18 January 2013


Thirty-sixth in a series of notes and comments on The Book of Barely Imagined Beings

Chapter 27: Zebrafish

page 369: watching the development. Here is an example of time-lapse of the first 24 hours.

page 369: investigate anything... Zebrafish have recently been made to grow 'pre-hands' instead of fins. Here's an outline of why the zebrafish is many researchers' favourite animal. (Added 24 Jan: as mentioned in an earlier note, zebrafish are being trapped in a virtual world provide a window into complex brain connections.)

page 370: since this book was written Craig Venter and his colleagues have announced the development of the first software simulation of the lifecycle of an entire organism:
The simulation, which runs on a cluster of 128 computers, models the complete life span of the cell at the molecular level, charting the interactions of 28 categories of molecules — including DNA, RNA, proteins and small molecules known as metabolites, which are generated by cell processes.
page 370: reprogramming the code of life. As one article puts it:
DNA is passé. Synthetic biologists have invented an array of new molecules called XNAs that boast all the talents of deoxyribonucleic acid (DNA) and ribonucleic acid (RNA), as well as some special powers. XNAs could allow scientists to safely create life-forms in the laboratory that do not depend on DNA to survive and evolve.
page 371: some harbingers of change are considered artistic or creative.  See, for example, The unnatural art of synthetic biology, A museum of creatures re-engineered by humans, Bio-artists who tinker with tools of science. Here is a picture of Joris Laarman's Halflife Lamp, which is illuminated by hamster cells modified with firefly DNA.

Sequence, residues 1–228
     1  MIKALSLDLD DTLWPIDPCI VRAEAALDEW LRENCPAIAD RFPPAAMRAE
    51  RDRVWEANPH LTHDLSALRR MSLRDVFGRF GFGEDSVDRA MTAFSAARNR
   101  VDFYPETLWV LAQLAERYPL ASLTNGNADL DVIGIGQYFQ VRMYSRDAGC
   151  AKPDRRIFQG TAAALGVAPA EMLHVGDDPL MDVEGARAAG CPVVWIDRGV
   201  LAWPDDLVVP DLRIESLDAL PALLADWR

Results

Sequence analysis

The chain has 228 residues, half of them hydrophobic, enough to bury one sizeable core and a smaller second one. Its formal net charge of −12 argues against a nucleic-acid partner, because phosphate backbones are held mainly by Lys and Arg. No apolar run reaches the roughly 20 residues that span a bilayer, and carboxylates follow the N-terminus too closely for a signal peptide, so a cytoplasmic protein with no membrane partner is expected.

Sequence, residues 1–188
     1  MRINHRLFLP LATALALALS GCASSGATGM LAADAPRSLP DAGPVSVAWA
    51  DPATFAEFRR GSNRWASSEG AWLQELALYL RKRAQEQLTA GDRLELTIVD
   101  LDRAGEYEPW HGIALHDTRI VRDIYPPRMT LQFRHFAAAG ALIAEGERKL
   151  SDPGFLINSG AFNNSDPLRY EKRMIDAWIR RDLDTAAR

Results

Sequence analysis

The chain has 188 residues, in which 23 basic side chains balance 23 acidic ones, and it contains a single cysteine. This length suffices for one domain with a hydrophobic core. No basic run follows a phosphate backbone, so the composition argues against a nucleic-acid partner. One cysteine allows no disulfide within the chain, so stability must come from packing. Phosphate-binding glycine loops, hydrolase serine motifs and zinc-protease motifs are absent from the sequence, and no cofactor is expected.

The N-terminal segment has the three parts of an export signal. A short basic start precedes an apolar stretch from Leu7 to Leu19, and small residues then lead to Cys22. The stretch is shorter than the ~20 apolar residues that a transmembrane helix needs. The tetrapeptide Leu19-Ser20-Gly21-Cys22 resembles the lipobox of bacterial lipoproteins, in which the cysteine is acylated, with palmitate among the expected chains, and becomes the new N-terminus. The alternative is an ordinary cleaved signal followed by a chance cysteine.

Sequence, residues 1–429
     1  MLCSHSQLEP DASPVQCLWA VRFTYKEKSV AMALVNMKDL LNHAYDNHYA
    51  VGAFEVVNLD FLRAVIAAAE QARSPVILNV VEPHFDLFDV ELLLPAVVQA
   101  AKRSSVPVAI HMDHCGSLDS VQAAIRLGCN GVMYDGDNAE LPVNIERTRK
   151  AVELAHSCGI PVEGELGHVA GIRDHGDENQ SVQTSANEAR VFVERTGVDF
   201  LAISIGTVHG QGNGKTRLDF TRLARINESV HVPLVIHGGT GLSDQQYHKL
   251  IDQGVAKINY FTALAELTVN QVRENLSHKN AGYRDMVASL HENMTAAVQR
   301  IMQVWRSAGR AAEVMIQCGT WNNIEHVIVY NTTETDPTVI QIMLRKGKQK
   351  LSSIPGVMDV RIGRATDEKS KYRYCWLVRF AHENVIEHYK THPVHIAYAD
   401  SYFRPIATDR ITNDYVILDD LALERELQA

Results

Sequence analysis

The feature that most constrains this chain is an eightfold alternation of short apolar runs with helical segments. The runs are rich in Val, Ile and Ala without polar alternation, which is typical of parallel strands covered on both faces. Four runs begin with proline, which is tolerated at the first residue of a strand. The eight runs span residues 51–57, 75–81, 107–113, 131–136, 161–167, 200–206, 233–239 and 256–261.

page 371: a sensational earlier life partly captured in the classic headline Now she has her pit bull cloned. But once she manacled a Mormon for sex.

page 373: reverse engineer dinosaurs which does, of course look like rather a mad thing to do, as does recreating Neanderthals.

page 373: scenarios for the future of humanity. Gary Marcus is a long way from addressing them all, but is pretty wise this far:
Edison certainly didn’t envision electric guitars, and even after the basic structure of the Internet had been in place for decades, few people foresaw Facebook or Twitter. It would be mistake for any of us to claim that we know exactly what a world full of robots, 3-D printers, biotech, and nanotechnology will bring. But, at the very least, we can take a long, hard look at our own cognitive limitations (in part through increased training in metacognition and rational decision-making), and significantly increase the currently modest amount of money we invest in research in how to keep our future generations safe from the risks of future technologies.

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